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    Nice to see "Henry" mentioned. It's a great example of disturbing content without the titillation that usually goes along with it. A flippant film can tackle a serious topic, and nobody cares. (any number of slasher films, for example) But, when a film like Henry comes along, people have to deal with what's going on.

    I think I get most of my film enjoyment out of watching interesting characters, and that's probably why I love Portrait of a Serial Killer. If a filmmaker can present an interesting, unique, and (most importantly) believable character onscreen, then I don't ask for much more. I don't have to relate to the character, understand his motives, or even think he's justified in his actions/beliefs. It's enough just to see a slice of life that I would otherwise never get to see.
     
  20. BigBum_77

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    Hi there - yeah this is a great point you make. If it's poignant and well-done, I can watch it, even if I don't like or agree with the subject matter. I think it's important to expand the mind every now and be exposed to something you don't necesarily like.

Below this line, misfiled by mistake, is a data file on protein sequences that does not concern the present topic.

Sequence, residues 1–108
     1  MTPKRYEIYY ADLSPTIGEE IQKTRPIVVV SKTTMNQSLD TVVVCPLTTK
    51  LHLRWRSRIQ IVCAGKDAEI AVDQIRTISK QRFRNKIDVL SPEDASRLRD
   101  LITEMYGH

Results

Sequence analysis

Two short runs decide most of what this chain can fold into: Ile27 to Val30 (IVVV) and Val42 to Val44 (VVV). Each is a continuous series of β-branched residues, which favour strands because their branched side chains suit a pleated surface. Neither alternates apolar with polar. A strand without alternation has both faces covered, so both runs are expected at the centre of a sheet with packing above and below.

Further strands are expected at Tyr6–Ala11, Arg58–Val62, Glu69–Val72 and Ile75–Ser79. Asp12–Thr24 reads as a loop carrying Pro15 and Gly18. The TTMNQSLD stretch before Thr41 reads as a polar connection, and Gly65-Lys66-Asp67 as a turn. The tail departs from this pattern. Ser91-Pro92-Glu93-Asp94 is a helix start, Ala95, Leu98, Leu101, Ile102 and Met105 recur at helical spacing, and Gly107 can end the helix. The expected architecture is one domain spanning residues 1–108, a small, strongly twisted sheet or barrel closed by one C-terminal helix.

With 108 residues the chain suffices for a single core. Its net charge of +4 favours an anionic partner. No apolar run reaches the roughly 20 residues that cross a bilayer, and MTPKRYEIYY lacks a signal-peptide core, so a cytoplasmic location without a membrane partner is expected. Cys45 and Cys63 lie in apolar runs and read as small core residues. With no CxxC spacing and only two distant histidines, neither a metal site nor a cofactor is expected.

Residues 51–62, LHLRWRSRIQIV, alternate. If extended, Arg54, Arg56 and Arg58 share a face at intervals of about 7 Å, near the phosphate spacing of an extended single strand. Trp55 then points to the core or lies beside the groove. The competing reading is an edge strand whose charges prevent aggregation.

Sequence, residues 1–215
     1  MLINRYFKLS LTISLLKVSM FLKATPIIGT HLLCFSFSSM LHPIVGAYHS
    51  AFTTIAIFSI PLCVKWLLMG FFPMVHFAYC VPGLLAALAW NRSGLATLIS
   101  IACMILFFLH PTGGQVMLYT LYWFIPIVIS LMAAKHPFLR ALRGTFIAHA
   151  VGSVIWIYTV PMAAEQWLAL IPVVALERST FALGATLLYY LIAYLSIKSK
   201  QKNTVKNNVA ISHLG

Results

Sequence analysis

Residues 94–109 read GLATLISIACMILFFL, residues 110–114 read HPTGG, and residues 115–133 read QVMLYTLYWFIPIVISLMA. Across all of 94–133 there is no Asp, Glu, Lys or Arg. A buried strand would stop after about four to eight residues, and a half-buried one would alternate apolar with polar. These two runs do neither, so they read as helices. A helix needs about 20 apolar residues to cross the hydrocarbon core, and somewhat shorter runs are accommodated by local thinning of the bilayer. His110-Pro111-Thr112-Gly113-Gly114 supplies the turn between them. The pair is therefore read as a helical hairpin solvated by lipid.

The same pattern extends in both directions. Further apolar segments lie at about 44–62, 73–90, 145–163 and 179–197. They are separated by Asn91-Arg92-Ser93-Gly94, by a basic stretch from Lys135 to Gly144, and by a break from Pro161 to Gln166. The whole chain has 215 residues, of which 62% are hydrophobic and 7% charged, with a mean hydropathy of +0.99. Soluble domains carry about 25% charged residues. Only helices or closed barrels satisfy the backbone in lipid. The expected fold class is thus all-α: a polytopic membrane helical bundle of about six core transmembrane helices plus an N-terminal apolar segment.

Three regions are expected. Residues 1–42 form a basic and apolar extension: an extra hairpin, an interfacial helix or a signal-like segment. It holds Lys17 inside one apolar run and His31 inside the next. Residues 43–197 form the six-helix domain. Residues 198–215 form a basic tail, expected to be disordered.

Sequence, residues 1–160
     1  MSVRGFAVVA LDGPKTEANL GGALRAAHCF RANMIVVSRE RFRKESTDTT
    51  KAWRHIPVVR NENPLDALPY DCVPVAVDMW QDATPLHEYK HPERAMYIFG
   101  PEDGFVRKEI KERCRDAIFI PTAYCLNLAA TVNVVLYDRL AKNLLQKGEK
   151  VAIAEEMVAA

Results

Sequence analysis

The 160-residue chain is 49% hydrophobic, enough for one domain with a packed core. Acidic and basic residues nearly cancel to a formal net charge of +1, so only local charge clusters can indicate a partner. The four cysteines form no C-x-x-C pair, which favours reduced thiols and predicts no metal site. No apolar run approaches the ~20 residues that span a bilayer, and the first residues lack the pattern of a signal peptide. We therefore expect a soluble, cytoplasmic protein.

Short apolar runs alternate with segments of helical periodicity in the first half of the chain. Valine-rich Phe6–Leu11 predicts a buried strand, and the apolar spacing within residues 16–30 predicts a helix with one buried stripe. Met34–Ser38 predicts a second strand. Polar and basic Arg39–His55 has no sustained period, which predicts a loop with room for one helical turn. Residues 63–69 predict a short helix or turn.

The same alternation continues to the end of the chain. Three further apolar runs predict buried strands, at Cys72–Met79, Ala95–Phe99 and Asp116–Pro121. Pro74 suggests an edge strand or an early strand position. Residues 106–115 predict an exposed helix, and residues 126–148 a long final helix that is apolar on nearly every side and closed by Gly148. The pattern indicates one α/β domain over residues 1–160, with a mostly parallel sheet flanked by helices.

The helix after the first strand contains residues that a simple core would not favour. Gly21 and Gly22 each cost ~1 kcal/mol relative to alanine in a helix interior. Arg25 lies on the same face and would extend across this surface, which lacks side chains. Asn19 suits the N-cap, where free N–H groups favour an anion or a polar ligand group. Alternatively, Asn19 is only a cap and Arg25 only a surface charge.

21. shodan

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    Whilst not a contraversal film (or even particulary good) I quite enjoyed the idea behind 8mm. I thought it was a clever and well made film. Just a shame it had Nicholas "Cardboard" Cage as the lead actor...
     
  22. outsider67

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    i suppose the film the cement garden is a bit controversial, i have it in my collection and lent it to a few mates who didn't like it . i thought it was a good british film
     
  23. progomez

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    I refuse to watch breakfast in tiffanys due to the depiction of the chinese male. Also birth of a nation. My reasoning is that there are enough other classic films for me to ignore these two.